Information Communications Technologies – A.I. see dead people…

It has been 20 years since the release of the Stephen Spielberg movie “A.I – Artificial Intelligence”. My son was turning three and none of the students here at School were even born yet. The movie starred a young Haley Joel Osment, better known as the creepy kid in the Sixth Sense who could see dead people. He played David, an experimental robot in A.I programmed to love, develop human thoughts and have feelings. Personally, the only thing I loved about this film was when it finished!

However, it made me reflect that we were talking about this type of technology well over 20 years ago. So why does A.I have a dark and mistrusting stigma associated to it by many people today – even some I work with here at St Catherine’s? Are robots going to take over the world?

It certainly doesn’t help that the A.I robots in the movie killed humans. That was unfortunate. Sadly, in the name of entertainment, movies tend to blur the facts and ignore the reality. I mean, isn’t Jaws still responsible for the hunting and deaths of millions of sharks a year? While human loss caused by sharks remains less than 10 on average per year*. But I digress.

Let’s explore and hopefully demystify the A.I myths. If you punched in the term “artificial intelligence” on Google and ended up reading about it on another website, or you ordered dinner recently using Uber Eats, you made use of A.I. There are plenty of examples of A.I that we use as every part of our daily lives that save time, money and effort.

Without a doubt the most common use of A.I is the technology behind Google Maps and many Travel Apps. When was the last time you picked up a Melways? Do you even know what one is? If so, did it tell you the fastest route to reach your destination? Or where the traffic was backed up? Or which roads had tolls? Very few people would argue that this technology has not improved our way of life. You would have to say it is virtually impossible to get lost in the 21st century if you have a phone.

My personal favourite A.I technology is face detection and recognition. Intelligent systems store and use biometric data to identify a person based on their facial features. With this data the system learns who you are. I can only imagine how much data is needed to store a nose the size of mine!

Facial recognition is widely used today. Almost all phones recognise your facial features to identify you. You can securely unlock your phone and access your banking App using facial recognition. Facebook and other social media sites use this technology to identify people in photos so they can be tagged. Here at St Catherine’s we trialled a facial recognition sign-in terminal and student attendance system. Maximising teaching time and letting technology take care of the admin has benefits for everyone. A.I makes life easier, provides better security and allows you to be more efficient. Especially if it doesn’t try to kill you.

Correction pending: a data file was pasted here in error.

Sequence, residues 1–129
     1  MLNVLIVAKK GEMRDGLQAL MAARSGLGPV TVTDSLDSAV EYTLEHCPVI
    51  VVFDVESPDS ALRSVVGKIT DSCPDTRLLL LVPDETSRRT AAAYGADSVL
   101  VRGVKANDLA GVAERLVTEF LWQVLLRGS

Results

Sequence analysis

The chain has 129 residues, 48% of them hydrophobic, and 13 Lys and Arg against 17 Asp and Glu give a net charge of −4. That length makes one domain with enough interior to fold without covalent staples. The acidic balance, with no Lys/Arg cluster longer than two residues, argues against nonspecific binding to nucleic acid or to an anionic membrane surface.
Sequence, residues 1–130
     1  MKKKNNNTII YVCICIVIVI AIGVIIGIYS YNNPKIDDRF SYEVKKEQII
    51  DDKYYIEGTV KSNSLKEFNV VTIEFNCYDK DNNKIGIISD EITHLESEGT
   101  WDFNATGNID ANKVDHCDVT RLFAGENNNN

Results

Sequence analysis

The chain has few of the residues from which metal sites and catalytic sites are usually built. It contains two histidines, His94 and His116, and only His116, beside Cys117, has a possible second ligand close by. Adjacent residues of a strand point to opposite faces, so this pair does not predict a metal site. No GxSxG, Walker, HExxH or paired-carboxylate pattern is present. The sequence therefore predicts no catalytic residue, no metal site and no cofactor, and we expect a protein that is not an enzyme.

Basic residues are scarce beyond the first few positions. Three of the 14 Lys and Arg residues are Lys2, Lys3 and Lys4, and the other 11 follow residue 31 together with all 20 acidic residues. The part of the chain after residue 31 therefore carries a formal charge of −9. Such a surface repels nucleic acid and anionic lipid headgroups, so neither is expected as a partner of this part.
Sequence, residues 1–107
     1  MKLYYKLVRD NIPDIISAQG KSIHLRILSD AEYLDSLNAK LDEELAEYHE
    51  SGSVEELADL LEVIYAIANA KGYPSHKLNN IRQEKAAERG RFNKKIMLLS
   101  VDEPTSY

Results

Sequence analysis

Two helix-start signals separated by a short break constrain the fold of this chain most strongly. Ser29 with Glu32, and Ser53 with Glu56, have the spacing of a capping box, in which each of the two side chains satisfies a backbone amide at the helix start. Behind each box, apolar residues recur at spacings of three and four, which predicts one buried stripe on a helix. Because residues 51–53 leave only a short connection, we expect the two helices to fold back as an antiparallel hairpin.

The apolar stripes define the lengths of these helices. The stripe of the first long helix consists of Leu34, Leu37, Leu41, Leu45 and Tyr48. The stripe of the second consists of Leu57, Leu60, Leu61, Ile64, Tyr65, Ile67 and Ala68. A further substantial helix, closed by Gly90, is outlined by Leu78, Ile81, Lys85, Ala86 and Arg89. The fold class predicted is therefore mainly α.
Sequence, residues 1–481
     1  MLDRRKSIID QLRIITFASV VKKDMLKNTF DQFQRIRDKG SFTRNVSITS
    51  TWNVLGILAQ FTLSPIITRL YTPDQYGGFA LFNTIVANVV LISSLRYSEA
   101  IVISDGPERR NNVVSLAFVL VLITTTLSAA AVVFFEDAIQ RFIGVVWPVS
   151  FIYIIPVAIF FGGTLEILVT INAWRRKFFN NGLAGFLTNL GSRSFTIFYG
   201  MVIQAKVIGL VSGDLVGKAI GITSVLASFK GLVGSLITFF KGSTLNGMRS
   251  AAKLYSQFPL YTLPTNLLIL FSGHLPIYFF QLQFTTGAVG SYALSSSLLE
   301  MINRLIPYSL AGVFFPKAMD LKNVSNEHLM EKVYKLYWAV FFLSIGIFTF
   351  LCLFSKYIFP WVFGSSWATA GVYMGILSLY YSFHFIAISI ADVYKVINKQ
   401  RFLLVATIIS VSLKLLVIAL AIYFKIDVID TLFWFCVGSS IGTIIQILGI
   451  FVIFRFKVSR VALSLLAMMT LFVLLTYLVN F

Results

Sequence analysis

As I write this blog my Word application is automatically correcting my spelling and grammar. Even making suggestions. The algorithms built into the program learns my style of writing and adjusts accordingly. I can even immediately replace a word with the online thesaurus (giving the impression I’m a better writer). Readers can also check to see if I have plagiarised someone else’s work (go on, I dare you). We use this tool every time a student submits work on the Portal. If you are a YouTube publisher your videos are checked for copyright protecting the intellectual property of individuals.

The systems available today are multifaceted, storing and analysing incompressible amounts of data requiring complex programming and algorisms for demanding outcomes. This is what Artificial Intelligence is. Not some robot with desires to be a ‘real boy’.

There are plenty of articles online about the risks of A.I. One of the main concerns is that A.I technologies is replacing more and more jobs – particularly in the automation space. This is not a new phenomenon. The Industrial Age back in late 1700s is accountable for many manual hand tool jobs being replaced by power-driven machines. This resulted in a shift of the worker’s skill sets to find work using the newer technologies. The evidence today suggests that there is an equilibrium of new jobs being created because of technology advancements as there is jobs being replaced. However, it is certainly a concern for the ageing workforce and the challenge to learn new skills.

Returning to our robot that can see dead people (I mean the one being programmed to love and develop feelings just like a real human) the reality is that for most of us A.I. improves our everyday lives.

Are robots really taking over the world and is A.I something we should be scared of or should be embracing? All I know is, I’m lucky I wasn’t born a shark!



Reference: *

Mr John Toulantas, Director of Information Communications Technologies